In a recent editorial that appeared in the New York Times on April 5, 2005, economist Paul Krugman weighed in on the liberal bias found at most major universities across the United States. He begins by writing, “It’s a fact, documented by two recent studies, that registered Republicans and self-proclaimed conservatives make up only a small minority of professors at elite universities. But what should we conclude from that?” What to conclude indeed? Normally the answer given by conservatives is that a liberal bias among university administrators (true) causes them to hire fewer and less right-leaning professors (probably also true). But is this the whole story? Krugman digs deeper and comes to some interesting conclusions.
By beginning his article with a “documented fact,” Krugman goes on to do what we all do—interpret the “facts.” His first interpretation is, “The sort of person who prefers an academic career to the private sector is likely to be somewhat more liberal than average, even in engineering.” The two aforementioned studies found this to be true. Liberals don’t just outnumber conservatives in the social sciences, but in the “hard” sciences as well, physics, biology, etc. Krugman’s assessment that career choice plays a big Part 1n the lopsided leftist environment of university campuses is a good point, but is it the whole story? Far from it. Krugman goes on to further his interpretation by claiming that conservatives prefer “revelation” to “research.”
“Scientific American may think that evolution is supported by mountains of evidence, but President Bush declares that "the jury is still out." Senator James Inhofe dismisses the vast body of research supporting the scientific consensus on climate change as a "gigantic hoax." And conservative pundits like George Will write approvingly about Michael Crichton’s anti-environmentalist fantasies.
Think of the message this sends: today’s Republican Party—increasingly dominated by people who believe truth should be determined by revelation, not research—doesn’t respect science, or scholarship in general. It shouldn’t be surprising that scholars have returned the favor by losing respect for the Republican Party.”
It is at this point in his editorial that Krugman loses major credibility. He allows his own liberal bias to show through by making such an astounding leap of reason. To say that because several conservatives don’t believe in the evolutionary hypothesis or global warming makes the whole Republican Party a group of theocratic fundamentalists is a generalization, a logical fallacy. Not only that, he assumes that scholars are neutral in their political leanings, and this perceived “lack of respect for science” is what drives them left. How preposterous is this? No one is neutral. We all have a presuppositional starting point that informs our interpretations and thinking. Krugman displays this in his own article. He begins with a fact, i.e. two studies show that conservative professors are a small minority at elite universities, and goes on to interpret this fact through his assumptive left-leaning grid.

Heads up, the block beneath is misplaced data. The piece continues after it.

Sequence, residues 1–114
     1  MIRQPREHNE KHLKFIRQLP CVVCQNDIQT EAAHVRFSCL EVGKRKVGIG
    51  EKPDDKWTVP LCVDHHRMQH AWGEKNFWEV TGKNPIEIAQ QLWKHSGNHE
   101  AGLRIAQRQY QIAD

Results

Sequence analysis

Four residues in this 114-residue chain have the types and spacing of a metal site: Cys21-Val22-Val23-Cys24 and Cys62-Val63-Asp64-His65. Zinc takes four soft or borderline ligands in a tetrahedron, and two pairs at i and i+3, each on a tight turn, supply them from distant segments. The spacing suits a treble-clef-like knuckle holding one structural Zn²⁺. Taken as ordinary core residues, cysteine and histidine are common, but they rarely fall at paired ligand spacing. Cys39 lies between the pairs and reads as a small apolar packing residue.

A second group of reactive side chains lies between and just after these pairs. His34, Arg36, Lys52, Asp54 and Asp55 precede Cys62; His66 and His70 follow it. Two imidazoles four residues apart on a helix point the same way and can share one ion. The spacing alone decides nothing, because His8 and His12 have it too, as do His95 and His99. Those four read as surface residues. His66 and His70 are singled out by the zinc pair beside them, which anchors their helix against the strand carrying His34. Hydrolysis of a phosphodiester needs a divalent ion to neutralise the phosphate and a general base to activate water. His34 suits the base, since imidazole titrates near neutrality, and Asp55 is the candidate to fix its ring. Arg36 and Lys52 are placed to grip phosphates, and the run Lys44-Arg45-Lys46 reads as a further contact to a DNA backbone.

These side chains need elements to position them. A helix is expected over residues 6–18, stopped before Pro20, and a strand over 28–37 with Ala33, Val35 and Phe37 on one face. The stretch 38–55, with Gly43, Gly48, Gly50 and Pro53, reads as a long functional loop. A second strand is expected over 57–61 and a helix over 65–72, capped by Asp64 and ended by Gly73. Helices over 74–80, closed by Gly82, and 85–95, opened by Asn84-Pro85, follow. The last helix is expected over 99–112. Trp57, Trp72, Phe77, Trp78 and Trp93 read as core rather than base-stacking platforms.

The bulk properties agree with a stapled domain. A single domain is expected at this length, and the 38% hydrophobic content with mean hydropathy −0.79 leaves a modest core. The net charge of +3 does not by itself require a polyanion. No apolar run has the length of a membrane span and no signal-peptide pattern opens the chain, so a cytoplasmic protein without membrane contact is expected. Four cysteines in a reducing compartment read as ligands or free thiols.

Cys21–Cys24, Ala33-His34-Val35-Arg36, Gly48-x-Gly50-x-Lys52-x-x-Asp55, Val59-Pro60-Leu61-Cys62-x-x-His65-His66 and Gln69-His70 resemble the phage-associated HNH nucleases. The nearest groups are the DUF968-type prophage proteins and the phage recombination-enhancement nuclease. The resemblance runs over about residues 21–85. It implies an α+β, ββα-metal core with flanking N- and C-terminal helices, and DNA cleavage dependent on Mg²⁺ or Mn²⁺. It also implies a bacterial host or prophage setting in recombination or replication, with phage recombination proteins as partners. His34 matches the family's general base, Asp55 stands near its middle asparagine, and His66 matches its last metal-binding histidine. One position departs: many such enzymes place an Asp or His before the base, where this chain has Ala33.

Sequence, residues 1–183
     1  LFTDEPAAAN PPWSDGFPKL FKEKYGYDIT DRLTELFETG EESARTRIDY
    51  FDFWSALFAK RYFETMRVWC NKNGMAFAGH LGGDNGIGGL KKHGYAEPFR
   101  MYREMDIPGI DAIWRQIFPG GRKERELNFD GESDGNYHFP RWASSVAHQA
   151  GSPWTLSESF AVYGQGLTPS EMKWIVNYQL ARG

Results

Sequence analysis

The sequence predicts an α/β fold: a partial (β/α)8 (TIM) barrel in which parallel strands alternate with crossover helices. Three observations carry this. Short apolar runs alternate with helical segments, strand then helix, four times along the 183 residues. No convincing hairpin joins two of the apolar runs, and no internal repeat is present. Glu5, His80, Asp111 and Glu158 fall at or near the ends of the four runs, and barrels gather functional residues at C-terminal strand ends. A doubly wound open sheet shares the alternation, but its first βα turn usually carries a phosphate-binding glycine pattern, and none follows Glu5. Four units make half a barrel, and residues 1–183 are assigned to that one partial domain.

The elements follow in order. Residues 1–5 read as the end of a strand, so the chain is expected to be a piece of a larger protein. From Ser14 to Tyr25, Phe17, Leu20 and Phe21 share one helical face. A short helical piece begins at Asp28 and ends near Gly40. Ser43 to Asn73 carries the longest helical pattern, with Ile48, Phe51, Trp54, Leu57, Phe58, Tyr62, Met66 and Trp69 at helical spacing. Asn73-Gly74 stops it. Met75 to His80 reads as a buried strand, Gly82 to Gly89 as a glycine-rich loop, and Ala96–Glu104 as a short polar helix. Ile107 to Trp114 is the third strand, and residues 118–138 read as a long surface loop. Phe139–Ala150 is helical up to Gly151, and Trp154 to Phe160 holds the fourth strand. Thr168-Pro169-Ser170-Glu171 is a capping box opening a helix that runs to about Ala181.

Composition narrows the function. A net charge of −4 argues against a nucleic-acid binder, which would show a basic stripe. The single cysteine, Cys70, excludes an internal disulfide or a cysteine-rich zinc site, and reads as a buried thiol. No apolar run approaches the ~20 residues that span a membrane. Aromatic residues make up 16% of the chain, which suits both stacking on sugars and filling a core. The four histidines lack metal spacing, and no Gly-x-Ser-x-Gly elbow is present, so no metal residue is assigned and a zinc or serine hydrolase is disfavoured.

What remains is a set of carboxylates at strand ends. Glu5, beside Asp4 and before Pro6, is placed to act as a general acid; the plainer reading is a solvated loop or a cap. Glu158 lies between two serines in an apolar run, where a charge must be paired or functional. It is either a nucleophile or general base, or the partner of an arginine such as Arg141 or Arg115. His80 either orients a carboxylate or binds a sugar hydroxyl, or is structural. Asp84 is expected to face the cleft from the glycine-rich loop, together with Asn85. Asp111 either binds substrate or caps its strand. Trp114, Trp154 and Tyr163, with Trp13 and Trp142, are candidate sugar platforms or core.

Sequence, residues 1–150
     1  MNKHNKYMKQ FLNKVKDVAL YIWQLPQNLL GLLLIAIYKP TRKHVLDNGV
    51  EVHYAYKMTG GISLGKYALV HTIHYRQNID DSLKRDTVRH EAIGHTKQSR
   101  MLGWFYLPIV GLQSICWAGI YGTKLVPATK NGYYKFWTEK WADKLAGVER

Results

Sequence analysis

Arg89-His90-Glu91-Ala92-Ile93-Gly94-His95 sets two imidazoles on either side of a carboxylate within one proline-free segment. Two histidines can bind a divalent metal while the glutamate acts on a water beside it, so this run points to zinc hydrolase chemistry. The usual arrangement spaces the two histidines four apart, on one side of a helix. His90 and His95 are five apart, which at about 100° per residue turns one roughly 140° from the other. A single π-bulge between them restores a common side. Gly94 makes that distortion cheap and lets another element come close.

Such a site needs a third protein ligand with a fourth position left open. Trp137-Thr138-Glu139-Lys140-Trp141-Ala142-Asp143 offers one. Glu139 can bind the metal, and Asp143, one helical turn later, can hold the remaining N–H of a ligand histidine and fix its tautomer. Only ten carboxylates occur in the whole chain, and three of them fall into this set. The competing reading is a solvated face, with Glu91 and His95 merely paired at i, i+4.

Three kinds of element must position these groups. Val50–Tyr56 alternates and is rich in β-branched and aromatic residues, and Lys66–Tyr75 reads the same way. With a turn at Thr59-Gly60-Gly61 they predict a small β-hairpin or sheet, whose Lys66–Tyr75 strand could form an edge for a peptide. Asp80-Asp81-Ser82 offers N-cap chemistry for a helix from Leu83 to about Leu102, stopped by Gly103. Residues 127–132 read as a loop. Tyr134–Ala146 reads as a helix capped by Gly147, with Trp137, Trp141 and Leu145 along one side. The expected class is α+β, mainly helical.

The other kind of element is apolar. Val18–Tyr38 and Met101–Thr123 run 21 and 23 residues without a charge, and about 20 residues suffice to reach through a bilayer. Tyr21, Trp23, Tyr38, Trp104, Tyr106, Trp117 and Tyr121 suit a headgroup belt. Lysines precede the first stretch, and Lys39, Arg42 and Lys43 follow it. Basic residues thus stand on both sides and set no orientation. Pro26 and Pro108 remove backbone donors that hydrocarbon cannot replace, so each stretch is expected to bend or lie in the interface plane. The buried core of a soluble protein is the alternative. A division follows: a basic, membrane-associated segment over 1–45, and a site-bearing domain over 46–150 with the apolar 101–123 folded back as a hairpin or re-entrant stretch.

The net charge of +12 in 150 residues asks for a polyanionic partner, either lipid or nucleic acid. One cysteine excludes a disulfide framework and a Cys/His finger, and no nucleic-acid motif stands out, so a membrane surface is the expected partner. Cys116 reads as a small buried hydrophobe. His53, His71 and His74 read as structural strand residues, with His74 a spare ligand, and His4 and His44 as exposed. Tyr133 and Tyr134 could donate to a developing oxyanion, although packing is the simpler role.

Science itself can only be “done” in an ordered, stable world. The worldview of the liberal, evolutionary college professor is one of randomness and chaos. Accurate predictions cannot be made in such a world. In order to do so, they must step outside of their system and borrow the worldview of the theist, who believes that God has created an observable, testable, and repeatable world. The claimed “mountains of evidence” are simply self-supporting interpretations that must side step the original assumption.
I suspect that the reason most professors are liberal is that they have a Messiah complex. They firmly believe that they have been called to save humanity through education. Conservatives know better. Liberalism also finds a life within institutions that are dependant on government funding and donations—in research grants and alumni contributions. Many university professors denounce the free market but could not make a living in it if they applied their classroom ideals to it. A Ward Churchill could not make it in the competitive world of commerce because he would turn off clients and drive business away. His tenured status allows him to turn out a product that only the most uninformed will listen to. Since most students do not pay for their college education, they are usually indifferent to nonsense. When the real world hears about professors like Churchill, they want him out. The dirty secret of the university is that most of what takes place in the classroom never gets much further than the campus newspaper. Krugman can’t see the truth in any of this because his presuppositions won’t allow him.
 Paul Krugman, “An Academic Question,” The New York Times (April 5, 2005): www.pkarchive.org/
 Krugman, “An Academic Question.”